Why you should visit Newcastle #TheTyneIsNow

February 29, 2016

Separated by the River Tyne and united by seven awe-inspiring bridges, Newcastle and Gateshead combine to create a vibrant city-break destination guaranteed to surprise. I made it an aim to see more of the UK this year, and Newcastle is a city I’ve always wanted to visit and explore.

Newcastle is known for being fun, friendly and welcoming, and NewcastleGateshead offers award-winning dining, nightlife and shopping as well as a variety of often unique attractions and things to do.

Graeme Peacock

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Here are some amazing things you can do in the city!    

Great North Museum: Hancock
Free Entry
Featuring natural history displays, objects from Ancient Greece, Ancient Egyptian mummies, a Tyrannosaurus Rex and a planetarium, the Great North Museum: Hancock brings to life the world (and beyond) all under one roof. Closer to home a large-scale interactive model of Hadrian’s Wall within the Roman display connects visitors to 2000-years of history in the North East.

Tyneside Cinema    
This iconic cinema offers visitors more than just movies. As the last surviving newsreel theatre still operating as a cinema full-time in the UK, this Grade II listed building is steeped in original Art Deco design. Visitors can experience a unique slice of history by enjoying FREE building tours and archive newsreel in the gloriously restored Classic Cinema.

BALTIC Centre for Contemporary Art  
Free Entry
Cementing itself as on of the UK’s most prestigious galleries by hosting Turner Prize 2011 and attracting a record 150,000 visitors, BALTIC showcases the best in contemporary art from across the globe with a changing programme of events and exhibitions. It also offers stunning views of the NewcastleGateshead cityscape from the level 4 viewing platform and level 5 viewing box.

BALTIC Centre for Contemporary Art

Seven Stories: National Centre for Children’s Books
Children £6 / Adults £7 / Family £19
Seven Stories is the only place in the UK dedicated to the art of children’s books, and one of just a few such places in the world. Working with some of the biggest names in children’s literature (from Judith Kerr to Philip Pullman) a changing programme inspires children and grownups to choose, share, read and enjoy the best in children’s literature.

Life Science Centre
Children £7.50 / Adults £12 / Family £29.50
Life Science Centre introduces visitors to the wonders of the human body and is an exciting place where science is explored through hands-on displays and demonstrations. It’s also home to a 4D motion-ride and planetarium and attracts internationally claimed events including Maker Faire UK and BODY WORLDS Vital. In the winter, its outside space is transformed into an open-air ice-rink.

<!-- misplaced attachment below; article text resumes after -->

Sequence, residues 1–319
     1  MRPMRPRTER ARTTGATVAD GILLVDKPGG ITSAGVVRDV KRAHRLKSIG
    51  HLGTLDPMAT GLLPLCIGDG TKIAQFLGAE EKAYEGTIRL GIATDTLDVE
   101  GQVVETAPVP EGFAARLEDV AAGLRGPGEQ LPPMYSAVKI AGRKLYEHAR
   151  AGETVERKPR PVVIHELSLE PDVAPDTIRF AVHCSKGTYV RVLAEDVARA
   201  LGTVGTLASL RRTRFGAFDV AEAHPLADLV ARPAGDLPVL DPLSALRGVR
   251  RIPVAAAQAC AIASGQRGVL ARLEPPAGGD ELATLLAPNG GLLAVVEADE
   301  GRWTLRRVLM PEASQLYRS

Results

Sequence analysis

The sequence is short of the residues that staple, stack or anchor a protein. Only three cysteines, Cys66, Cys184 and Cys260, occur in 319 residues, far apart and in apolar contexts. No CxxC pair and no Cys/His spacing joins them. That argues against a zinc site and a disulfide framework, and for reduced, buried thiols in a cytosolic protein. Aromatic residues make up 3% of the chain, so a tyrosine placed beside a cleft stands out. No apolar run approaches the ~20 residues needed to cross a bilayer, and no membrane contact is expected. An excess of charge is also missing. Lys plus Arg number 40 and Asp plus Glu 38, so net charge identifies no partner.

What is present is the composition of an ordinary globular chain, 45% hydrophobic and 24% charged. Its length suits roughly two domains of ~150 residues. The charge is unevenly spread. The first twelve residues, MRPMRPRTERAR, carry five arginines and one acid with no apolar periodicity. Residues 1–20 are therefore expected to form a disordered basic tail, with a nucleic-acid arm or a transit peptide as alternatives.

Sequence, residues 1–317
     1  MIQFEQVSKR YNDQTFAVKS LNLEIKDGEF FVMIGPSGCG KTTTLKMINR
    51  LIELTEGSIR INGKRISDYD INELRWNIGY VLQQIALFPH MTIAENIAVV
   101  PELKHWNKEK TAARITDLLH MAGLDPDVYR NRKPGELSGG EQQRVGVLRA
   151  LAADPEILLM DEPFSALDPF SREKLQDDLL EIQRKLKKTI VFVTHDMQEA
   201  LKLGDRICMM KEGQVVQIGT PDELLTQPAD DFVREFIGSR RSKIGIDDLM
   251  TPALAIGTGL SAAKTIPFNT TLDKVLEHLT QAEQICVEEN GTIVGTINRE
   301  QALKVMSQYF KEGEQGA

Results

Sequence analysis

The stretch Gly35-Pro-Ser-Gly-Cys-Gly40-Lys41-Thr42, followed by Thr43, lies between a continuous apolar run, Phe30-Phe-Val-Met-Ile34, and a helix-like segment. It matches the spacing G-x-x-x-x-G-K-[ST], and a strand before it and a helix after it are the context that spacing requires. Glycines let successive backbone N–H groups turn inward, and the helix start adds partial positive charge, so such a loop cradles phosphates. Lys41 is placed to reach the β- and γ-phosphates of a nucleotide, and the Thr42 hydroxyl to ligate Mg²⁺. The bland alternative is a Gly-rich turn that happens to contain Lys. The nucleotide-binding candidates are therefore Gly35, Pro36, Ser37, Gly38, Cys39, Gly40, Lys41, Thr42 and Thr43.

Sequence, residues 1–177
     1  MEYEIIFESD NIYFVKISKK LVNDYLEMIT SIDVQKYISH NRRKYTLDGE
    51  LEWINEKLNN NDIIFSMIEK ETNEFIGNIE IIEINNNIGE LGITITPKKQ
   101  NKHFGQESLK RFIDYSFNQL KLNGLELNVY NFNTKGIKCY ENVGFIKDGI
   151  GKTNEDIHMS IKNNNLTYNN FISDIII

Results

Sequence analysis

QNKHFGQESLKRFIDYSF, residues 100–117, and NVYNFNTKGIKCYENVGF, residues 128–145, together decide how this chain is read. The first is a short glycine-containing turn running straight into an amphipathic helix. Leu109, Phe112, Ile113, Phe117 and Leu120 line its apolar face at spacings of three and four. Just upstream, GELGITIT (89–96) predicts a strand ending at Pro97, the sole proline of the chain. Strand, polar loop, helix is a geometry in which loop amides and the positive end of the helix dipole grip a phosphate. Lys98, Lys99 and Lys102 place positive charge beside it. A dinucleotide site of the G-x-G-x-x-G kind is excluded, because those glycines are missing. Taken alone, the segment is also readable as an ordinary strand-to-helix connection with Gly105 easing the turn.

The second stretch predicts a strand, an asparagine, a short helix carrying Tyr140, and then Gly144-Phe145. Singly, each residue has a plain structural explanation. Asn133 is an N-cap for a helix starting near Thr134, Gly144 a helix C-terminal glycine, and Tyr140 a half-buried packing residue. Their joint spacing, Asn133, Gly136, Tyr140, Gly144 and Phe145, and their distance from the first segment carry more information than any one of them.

The Cycle Hub: Hire a bike and explore the Quayside  
Bike hire starts from £15
NewcastleGateshead’s iconic quayside attracts many thousands of visitors every year. Home to seven magnificent bridges including the Gateshead Millennium and Tyne Bridges and offering exquisite riverside dining at a range of bars and restaurant, there’s no better way to explore than by bike. Situated to the east of the Quayside The Cycle Hub provides bike hire and handy place to rest, relax and refuel on those longer bike rides.

tyne Bridge Quayside Day

Laing Art Gallery
Free Entry
Renowned for bringing some of the best known historic and contemporary artists and sculptors to the North East, Laing is home to an impressive permanent collection including important works from John Martin, William Holman-Hunt, Sir Lawrence Alma-Tadema and Henry Moore. The building itself brings together the historic and the modern with public artwork, Blue Carpet, providing an entrance to the Victorian building.

Newcastle Castle.
Children £3.90 / Adults £6.50 / Family £15.90
Following a re-imaging of the two sites, the Castle Keep and Black Gate re-opened to the public in March 2015 as Newcastle Castle. The newly united attraction features a curated exhibition within the Black Gate telling the story of the vagrants, vagabonds and villains who dwelled within the castle walls over the centuries – bringing the building to life for visitors for the first time. The Keep is one of the UK’s finest medieval stone castle donjon’s still open to the public. It sits upon the site of the original timber castle from which the city takes its name and boasts outstanding views of the cityscape and River Tyne from its rooftop.

Children £3.70 / Adults £7.20 / Family £18
A taste of the country on the edge of the city, Gibside is just 20 minutes from the city centre and offers fine Derwent Valley views, winding paths and refreshing open spaces alongside elegant buildings and ruins. A Georgian ‘grand design’ on a spectacular scale and the vision of coal baron George Bowes, the Palladian chapel is an architectural masterpiece, and the once grand hall is now a dramatic shell.

Angel of the North
No visit to NewcastleGateshead would be complete without a trip to see one of the most widely-recognised pieces of public art ever made. The Angel of the North by Antony Gormley was unveiled in 1998 and kick-started a cultural revolution on Tyneside. It stands 20m tall with a wing-span measuring 54m. Truly a sight to behold and set on greenery just off the A1; it’s also a great location for a picnic.

Angel of the North

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  • Joan March 18, 2016 at 1:57 am

    That angel of the north sculpture is just great! I would love to see that! Actually everything you listed here sounds fascinating. Might have to add this to my bucket list!